This seasons Big Bad is about as opposite as last seasons very human antagonist - Maryanne is some sort of supernatural creature called a maenad. Apparently she's been around on this earth for a long, long time, and has the ability to be immortal just by believing its true. Her presence in Bon Temps is clouded in mystery for the major portion of the season, her character instead inserting herself into peoples lives, causing complications, hosting giant orgies that includes nearly everyone in the area. Truth be told, Maryanne's character wasn't very strongly written, but actress Michelle Forbes (Battlestar Galactica: Razor) goes above and beyond the written material to give us one menacing bitch. Even I was freaked out by her before she decked out in minotaur/bull claws and head! So the ever present question in the last two episodes, when Sookie, Bill, Jason, and Eric return is: how does one kill a seemingly indestructible being?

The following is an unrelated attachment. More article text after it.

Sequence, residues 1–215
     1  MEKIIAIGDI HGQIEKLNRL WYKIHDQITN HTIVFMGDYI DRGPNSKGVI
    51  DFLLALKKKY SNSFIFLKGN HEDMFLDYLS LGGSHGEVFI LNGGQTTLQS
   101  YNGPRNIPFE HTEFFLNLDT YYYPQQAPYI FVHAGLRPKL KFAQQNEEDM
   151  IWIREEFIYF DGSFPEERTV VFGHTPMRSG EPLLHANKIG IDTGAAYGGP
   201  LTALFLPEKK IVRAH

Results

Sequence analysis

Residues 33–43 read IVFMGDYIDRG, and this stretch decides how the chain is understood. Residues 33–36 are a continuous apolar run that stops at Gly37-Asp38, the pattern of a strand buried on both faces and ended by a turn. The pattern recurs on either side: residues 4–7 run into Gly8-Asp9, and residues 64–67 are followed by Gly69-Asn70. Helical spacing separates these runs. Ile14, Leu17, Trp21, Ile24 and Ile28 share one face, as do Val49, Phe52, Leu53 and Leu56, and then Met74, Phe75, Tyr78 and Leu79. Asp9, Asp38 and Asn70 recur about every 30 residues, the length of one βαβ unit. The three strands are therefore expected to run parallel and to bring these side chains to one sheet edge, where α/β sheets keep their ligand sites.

One fantastic character first introduced this season and then sadly written away is Godric, a 2,000-year old vampire and Maker of Eric the Viking. Barely about 5'2, Godric looks like a short prepubescent teenager and strikingly un-imposing. Well, Godric is a great case of deceiving appearances - this character is the most threatening, most captivating, most freakin'ly awesome character in the show period. Forget Eric, forget Bill, forget 'em all - Godric is the real deal vampire, the type in the old days who could kill a good percentage of warriors in mere moments, the type that relished blood foaming in his mouth. And now, his years of existence has provided a epiphany, a choice to make some sort of peace with the humans, content with cohabiting without feeding. Actor Allan Hyde gave a Emmy-worthy performance in those few featured episodes. The character's cool demeanor and soft-spoken voice will continue to irk me and chill me whenever I think about him.